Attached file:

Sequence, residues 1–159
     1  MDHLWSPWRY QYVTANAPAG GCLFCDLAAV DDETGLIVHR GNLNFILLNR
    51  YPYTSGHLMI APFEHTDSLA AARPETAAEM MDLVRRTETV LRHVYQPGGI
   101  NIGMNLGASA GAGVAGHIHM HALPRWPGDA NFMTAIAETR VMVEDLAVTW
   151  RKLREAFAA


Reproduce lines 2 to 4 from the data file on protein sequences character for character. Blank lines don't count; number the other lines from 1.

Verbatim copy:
     1  MDHLWSPWRY QYVTANAPAG GCLFCDLAAV DDETGLIVHR GNLNFILLNR
    51  YPYTSGHLMI APFEHTDSLA AARPETAAEM MDLVRRTETV LRHVYQPGGI
   101  NIGMNLGASA GAGVAGHIHM HALPRWPGDA NFMTAIAETR VMVEDLAVTW